NZ regulator clears AstraZeneca vaccine

New Zealand's drug safety regulator has approved AstraZeneca for use in the fight against COVID-19.
New Zealand's drug safety regulator has approved AstraZeneca for use in the fight against COVID-19.

New Zealand will fast-track vaccine to the Pacific, and consider incorporating AstraZeneca in its fight against COVID-19 after the vaccine received the regulator's signoff.

Medsafe has now approved three vaccines for use in New Zealand - Pfizer, Janssen and AstraZenica.

However, Jacinda Ardern's government has committed solely to Pfizer for its initial vaccination program, which has been criticised as slow and leaving New Zealand at risk.

As of this week, just 700,000 Kiwis are fully vaccinated and 21 per cent have received one dose of the two-dose Pfizer vaccine.

The approval of Janssen and AstraZenica could theoretically boost supply, but Associate Health Minister Ayesha Verrall said New Zealand was likely to stick to script.

"We have a plan for two doses for every eligible New Zealander with Pfizer (by the end of the year)," she told AAP.

"I haven't seen any evidence suggesting we should change from that.

"We've invested in the ultra-low freezers (needed for Pfizer) and other aspects and logistics of this program ... we considerably simplified our work by having a single vaccine."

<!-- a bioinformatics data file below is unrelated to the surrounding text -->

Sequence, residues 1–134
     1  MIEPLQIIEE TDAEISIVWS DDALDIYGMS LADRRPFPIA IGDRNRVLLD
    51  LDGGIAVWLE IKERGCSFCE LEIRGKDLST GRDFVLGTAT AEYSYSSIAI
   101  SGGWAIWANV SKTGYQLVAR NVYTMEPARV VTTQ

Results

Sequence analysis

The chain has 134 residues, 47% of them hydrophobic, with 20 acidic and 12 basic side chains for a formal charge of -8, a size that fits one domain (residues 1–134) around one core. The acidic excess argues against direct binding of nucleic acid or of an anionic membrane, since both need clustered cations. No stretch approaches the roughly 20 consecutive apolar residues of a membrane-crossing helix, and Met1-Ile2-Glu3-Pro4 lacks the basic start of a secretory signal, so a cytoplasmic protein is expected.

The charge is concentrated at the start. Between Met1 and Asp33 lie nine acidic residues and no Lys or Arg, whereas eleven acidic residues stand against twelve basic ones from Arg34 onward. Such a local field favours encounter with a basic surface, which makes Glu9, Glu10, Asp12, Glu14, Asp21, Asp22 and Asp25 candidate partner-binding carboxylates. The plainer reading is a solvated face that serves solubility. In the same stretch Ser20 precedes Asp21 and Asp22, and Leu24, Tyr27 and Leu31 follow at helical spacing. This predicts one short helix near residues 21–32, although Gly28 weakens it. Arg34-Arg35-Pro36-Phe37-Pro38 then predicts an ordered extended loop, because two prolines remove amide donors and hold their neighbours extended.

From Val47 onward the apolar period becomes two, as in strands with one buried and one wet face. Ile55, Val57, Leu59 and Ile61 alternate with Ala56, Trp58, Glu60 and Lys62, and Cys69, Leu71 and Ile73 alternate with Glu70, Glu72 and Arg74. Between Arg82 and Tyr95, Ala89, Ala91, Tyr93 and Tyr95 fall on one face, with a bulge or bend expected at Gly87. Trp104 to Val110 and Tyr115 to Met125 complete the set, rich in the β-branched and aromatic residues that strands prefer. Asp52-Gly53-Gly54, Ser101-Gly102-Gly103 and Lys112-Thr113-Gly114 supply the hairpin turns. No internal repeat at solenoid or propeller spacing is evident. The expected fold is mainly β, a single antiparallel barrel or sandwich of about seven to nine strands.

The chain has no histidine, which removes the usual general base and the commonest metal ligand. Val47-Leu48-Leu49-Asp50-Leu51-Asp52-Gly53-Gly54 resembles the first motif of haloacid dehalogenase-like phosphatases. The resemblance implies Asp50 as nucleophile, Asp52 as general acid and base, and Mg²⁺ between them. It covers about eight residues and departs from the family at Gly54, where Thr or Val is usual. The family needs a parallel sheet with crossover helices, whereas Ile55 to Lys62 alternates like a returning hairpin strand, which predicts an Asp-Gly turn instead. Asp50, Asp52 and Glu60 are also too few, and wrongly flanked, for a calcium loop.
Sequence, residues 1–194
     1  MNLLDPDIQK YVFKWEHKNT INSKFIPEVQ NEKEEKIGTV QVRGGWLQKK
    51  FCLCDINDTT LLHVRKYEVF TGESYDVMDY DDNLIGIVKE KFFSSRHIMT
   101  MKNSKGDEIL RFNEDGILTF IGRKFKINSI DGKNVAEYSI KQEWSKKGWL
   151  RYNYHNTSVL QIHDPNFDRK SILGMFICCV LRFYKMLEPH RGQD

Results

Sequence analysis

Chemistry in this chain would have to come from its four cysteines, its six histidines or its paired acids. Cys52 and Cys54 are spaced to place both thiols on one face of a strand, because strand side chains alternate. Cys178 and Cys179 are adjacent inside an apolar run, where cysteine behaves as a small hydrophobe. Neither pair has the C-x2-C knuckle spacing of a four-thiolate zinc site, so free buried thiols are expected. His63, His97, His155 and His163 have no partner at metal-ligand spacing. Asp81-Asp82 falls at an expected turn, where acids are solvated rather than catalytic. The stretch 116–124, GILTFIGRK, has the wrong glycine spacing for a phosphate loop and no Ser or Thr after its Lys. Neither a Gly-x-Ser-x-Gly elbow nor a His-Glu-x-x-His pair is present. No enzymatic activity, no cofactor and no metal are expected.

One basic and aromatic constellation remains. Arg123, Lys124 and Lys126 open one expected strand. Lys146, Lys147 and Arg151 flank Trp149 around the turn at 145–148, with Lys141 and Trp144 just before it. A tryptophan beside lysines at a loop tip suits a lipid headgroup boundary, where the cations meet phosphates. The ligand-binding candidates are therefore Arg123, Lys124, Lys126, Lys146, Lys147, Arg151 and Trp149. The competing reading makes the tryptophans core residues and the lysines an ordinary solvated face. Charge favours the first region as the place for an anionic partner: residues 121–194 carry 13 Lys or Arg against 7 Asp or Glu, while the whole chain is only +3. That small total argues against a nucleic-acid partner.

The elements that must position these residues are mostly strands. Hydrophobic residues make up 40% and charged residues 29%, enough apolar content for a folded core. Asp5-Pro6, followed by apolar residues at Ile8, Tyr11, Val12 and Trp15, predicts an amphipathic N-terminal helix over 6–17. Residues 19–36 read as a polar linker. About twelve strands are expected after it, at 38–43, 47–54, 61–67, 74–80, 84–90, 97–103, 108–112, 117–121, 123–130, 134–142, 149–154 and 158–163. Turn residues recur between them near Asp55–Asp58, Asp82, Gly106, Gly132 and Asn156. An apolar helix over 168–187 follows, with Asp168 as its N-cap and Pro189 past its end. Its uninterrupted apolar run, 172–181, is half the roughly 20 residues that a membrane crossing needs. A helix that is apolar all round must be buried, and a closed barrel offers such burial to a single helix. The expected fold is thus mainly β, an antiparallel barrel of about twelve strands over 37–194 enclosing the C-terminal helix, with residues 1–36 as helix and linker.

Unlike Pfizer, which requires refrigeration at very low temperatures, AstraZeneca can be stored at fridge-like levels.

New Zealand signed a deal with AstraZeneca for 7.6 million doses - enough for 3.8 million people - last year.

New Zealand will divert some of its AstraZeneca, including through the international COVAX operation, to Fiji and the Pacific.

"We made a commitment that we will supply Fiji and every other country in the Pacific working with Australia," Pacific Peoples Minister Aupito William Sio told AAP.

"We can now be confident in making sure that Fiji has the supply needed to vaccinate their eligible population."

In committing to Pfizer, New Zealand has also dodged the ugly debates in Australia around vaccine preference, and the remote possibility of blood clots.

"It's important that we contextualize risks," said Dr Verrall, who was an infectious diseases physician before she entered parliament last year.

"The risk of COVID-19 in terms of hospital admissions, deaths and long-term consequences is far greater than any of the risks associated with any of our approved vaccines."

Australian Associated Press